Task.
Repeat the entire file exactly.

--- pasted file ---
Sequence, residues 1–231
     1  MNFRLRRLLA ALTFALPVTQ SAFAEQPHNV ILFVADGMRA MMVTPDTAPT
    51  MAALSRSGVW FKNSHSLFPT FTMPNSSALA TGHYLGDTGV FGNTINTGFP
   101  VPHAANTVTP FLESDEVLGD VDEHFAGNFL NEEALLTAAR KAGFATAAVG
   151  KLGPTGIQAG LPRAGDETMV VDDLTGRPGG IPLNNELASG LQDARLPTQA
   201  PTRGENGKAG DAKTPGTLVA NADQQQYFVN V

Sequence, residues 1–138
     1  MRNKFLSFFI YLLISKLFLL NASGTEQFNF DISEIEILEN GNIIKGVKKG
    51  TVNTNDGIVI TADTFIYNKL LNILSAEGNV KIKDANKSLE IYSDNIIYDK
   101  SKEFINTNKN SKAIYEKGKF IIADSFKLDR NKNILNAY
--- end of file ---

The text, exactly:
Sequence, residues 1–231
     1  MNFRLRRLLA ALTFALPVTQ SAFAEQPHNV ILFVADGMRA MMVTPDTAPT
    51  MAALSRSGVW FKNSHSLFPT FTMPNSSALA TGHYLGDTGV FGNTINTGFP
   101  VPHAANTVTP FLESDEVLGD VDEHFAGNFL NEEALLTAAR KAGFATAAVG
   151  KLGPTGIQAG LPRAGDETMV VDDLTGRPGG IPLNNELASG LQDARLPTQA
   201  PTRGENGKAG DAKTPGTLVA NADQQQYFVN V

Sequence, residues 1–138
     1  MRNKFLSFFI YLLISKLFLL NASGTEQFNF DISEIEILEN GNIIKGVKKG
    51  TVNTNDGIVI TADTFIYNKL LNILSAEGNV KIKDANKSLE IYSDNIIYDK
   101  SKEFINTNKN SKAIYEKGKF IIADSFKLDR NKNILNAY